The success of the Egyptian-themed Luxor hotel and casino on the Las Vegas strip may be behind the new effort in Egypt to copyright the country’s ancient archaeological wealth.

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December 25, 2007

The Expense of Bit Storage [12:14 am]

The Afterlife Is Expensive for Digital Movies

But then came digital. And suddenly the film industry is wrestling again with the possibility that its most precious assets, the pictures, aren’t as durable as they used to be.

The problem became public, but just barely, last month, when the science and technology council of the Academy of Motion Picture Arts and Sciences released the results of a yearlong study of digital archiving in the movie business. Titled “The Digital Dilemma,” the council’s report surfaced just as Hollywood’s writers began their walkout. Busy walking, or dodging, the picket lines, industry types largely missed the report’s startling bottom line: To store a digital master record of a movie costs about $12,514 a year, versus the $1,059 it costs to keep a conventional film master.

Much worse, to keep the enormous swarm of data produced when a picture is “born digital” — that is, produced using all-electronic processes, rather than relying wholly or partially on film — pushes the cost of preservation to $208,569 a year, vastly higher than the $486 it costs to toss the equivalent camera negatives, audio recordings, on-set photographs and annotated scripts of an all-film production into the cold-storage vault.

All of this may seem counterintuitive. After all, digital magic is supposed to make information of all kinds more available, not less. But ubiquity, it turns out, is not the same as permanence.

An argument for wider dissemination? After all, who but the digital collectors are going to be willing to undertake this archiving, and reframing into newer formats, over time?

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But, What Kind Of Culture Is Being Studied? [12:09 am]

Or, alternatively, what exactly is being studied? On Facebook, Scholars Link Up With Data

To study how personal tastes, habits and values affect the formation of social relationships and how social relationships affect tastes, habits and values, a team of researchers from Harvard and the University of California, Los Angeles, are monitoring the Facebook profiles of an entire class of students at one college, which they declined to name because it could compromise the integrity of their research.

“One of the holy grails of social science is the degree to which taste determines friendship, or to which friendship determines taste,” said Jason Kaufman, an associate professor of sociology at Harvard and a member of the research team. “Do birds of a feather flock together, or do you become more like your friends?”

In other words, Facebook — where users rate one another as “hot or not,” play games like “Pirates vs. Ninjas” and throw virtual sheep at one another — is helping scholars explore fundamental social science questions.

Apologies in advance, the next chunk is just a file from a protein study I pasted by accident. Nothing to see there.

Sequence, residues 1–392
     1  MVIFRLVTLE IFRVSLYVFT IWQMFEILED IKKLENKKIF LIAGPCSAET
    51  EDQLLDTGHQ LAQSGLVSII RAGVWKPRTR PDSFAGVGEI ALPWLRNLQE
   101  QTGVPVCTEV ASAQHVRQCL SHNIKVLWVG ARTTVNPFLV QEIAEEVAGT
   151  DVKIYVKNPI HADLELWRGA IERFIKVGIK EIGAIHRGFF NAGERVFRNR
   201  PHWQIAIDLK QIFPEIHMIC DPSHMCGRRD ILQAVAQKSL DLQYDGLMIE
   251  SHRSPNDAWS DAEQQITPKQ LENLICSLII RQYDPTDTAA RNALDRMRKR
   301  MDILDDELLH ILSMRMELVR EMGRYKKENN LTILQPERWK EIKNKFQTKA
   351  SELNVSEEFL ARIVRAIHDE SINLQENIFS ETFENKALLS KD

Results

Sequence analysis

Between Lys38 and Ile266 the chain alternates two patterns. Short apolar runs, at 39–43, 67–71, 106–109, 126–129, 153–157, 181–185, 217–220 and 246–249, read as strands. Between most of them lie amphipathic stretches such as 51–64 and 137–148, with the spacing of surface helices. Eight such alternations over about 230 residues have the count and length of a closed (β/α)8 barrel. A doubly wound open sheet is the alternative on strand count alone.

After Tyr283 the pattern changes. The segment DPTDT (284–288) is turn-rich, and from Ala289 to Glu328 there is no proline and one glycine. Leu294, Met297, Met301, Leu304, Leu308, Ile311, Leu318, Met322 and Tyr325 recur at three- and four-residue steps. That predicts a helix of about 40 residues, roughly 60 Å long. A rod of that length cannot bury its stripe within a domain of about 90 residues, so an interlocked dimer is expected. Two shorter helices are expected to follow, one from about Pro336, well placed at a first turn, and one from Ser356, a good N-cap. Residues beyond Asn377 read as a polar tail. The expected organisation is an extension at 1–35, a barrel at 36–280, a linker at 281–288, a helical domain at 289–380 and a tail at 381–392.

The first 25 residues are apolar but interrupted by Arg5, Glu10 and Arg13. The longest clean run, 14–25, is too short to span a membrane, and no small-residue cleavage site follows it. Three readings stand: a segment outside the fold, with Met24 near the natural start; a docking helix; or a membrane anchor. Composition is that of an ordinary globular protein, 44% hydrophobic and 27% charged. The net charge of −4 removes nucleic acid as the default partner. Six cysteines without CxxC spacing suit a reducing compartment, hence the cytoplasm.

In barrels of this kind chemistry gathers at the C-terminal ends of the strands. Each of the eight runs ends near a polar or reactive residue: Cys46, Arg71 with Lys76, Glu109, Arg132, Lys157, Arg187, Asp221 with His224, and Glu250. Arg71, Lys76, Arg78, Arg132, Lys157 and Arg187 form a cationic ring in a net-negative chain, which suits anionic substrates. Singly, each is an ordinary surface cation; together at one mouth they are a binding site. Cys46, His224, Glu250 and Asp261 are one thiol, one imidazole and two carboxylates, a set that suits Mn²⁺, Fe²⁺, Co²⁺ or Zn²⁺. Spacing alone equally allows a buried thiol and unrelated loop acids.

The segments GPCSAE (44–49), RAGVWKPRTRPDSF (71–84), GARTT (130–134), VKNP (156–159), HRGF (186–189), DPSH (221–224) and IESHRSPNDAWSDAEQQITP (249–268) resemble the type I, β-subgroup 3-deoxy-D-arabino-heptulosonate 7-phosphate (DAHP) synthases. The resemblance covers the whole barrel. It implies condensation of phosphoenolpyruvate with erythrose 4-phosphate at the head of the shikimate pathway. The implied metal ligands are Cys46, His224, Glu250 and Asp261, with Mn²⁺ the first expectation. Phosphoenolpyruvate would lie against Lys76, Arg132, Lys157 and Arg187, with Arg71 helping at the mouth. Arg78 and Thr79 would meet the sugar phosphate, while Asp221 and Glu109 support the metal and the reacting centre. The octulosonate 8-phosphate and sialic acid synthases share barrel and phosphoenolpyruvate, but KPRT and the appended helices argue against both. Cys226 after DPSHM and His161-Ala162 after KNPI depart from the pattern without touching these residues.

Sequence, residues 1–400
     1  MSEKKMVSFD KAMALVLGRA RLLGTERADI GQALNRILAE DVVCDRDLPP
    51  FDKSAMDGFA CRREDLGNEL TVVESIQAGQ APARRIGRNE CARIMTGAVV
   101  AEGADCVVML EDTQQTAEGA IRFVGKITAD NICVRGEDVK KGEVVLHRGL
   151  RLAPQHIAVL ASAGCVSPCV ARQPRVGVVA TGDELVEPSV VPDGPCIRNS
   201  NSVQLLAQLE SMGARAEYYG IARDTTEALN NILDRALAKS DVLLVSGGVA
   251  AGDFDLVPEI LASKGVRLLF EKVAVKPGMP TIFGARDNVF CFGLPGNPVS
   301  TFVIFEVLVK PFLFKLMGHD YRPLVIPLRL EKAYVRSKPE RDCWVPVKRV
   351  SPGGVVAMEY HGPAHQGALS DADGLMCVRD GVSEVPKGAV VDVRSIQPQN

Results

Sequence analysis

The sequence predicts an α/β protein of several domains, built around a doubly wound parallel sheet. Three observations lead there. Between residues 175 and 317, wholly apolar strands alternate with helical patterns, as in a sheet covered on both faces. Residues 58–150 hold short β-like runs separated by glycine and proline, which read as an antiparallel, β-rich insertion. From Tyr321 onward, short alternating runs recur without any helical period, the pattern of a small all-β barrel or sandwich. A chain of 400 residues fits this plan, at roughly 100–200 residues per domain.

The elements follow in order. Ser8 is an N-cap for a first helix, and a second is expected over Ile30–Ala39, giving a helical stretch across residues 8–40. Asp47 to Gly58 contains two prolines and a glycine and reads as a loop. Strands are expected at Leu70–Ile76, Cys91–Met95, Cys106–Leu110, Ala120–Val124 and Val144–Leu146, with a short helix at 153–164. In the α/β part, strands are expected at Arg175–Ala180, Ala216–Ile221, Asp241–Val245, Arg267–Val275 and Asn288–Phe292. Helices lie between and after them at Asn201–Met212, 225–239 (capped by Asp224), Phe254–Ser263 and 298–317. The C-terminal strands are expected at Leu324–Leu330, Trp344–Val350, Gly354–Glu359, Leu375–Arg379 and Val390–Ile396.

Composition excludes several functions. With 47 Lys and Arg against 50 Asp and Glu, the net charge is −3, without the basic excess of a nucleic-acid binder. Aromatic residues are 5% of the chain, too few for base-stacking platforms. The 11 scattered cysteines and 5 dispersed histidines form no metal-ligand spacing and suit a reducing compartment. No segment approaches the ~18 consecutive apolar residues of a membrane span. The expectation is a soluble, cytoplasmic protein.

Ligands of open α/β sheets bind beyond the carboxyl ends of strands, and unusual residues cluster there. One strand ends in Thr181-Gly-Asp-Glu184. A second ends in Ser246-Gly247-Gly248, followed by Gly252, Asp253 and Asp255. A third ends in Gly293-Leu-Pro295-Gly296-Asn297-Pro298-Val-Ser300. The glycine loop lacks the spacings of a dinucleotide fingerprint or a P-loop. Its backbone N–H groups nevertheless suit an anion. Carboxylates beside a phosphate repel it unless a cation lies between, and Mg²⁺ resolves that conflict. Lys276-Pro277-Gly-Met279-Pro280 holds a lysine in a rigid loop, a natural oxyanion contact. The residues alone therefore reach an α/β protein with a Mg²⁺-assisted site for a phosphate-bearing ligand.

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December 21, 2007

Just Too Much Going On Right Now [7:48 pm]

Hi, everyone. This has been some kind of term, and it’s been capped with a family medical emergency that has just consumed all of my time. I am hoping that the downtime that comes this time of year will get me back on a schedule to amp my blogging back up. I have lots of reasons to keep doing it, but time has not been my friend of late. So, a couple of bookmarks:

Hope you get some time to decompress yourselves!!

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December 20, 2007

An FTC-EU Fight A-Brewin’ [4:59 pm]

F.T.C. Clears Google-DoubleClick Deal — pdf

The Federal Trade Commission said that the deal won’t significantly lessen competition in the online advertising market, rebuffing complaints from Microsoft Corp. and AT&T Inc. that it would give Google a dominant position.

”The FTC’s strong support sends a clear message: this acquisition poses no risk to competition and will benefit consumers,” Eric Schmidt, Google Inc.’s chief executive, said. ”We hope that the European Commission will soon reach the same conclusion.”

The European Commission declined to comment on the FTC’s decision, spokesman Jonathan Todd said.

The FTC’s approval of the deal without conditions could push European regulators to take a tougher line, says Rebecca Arbogast, an analyst at Stifel Nicolaus.

The FTC press release: Federal Trade Commission Closes Google/DoubleClick Investigation (pdf). With commissioner statements and other supporting information.

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A Cautionary Tale [4:54 pm]

From David Pogue’s Circuits e0mail: The Generational Divide in Copyright Moralitypdf

[...] I incorporated their examples into a little demonstration in this particular talk. I tell the audience: “I’m going to describe some scenarios to you. Raise your hand if you think what I’m describing is wrong.”

Then I lead them down the same garden path:

“I borrow a CD from the library. Who thinks that’s wrong?” (No hands go up.)

“I own a certain CD, but it got scratched. So I borrow the same CD from the library and rip it to my computer.” (A couple of hands.)